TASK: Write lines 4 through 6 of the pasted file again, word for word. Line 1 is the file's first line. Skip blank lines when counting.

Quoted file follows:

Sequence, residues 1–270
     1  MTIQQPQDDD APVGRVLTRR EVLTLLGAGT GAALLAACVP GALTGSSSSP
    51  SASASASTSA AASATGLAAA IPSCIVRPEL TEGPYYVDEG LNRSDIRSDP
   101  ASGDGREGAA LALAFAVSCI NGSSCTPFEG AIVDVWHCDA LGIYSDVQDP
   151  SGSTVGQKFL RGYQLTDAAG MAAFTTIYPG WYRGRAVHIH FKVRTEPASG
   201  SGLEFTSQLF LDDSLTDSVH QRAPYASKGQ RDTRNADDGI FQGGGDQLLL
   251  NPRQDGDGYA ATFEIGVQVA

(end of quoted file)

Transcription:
   101  ASGDGREGAA LALAFAVSCI NGSSCTPFEG AIVDVWHCDA LGIYSDVQDP
   151  SGSTVGQKFL RGYQLTDAAG MAAFTTIYPG WYRGRAVHIH FKVRTEPASG
   201  SGLEFTSQLF LDDSLTDSVH QRAPYASKGQ RDTRNADDGI FQGGGDQLLL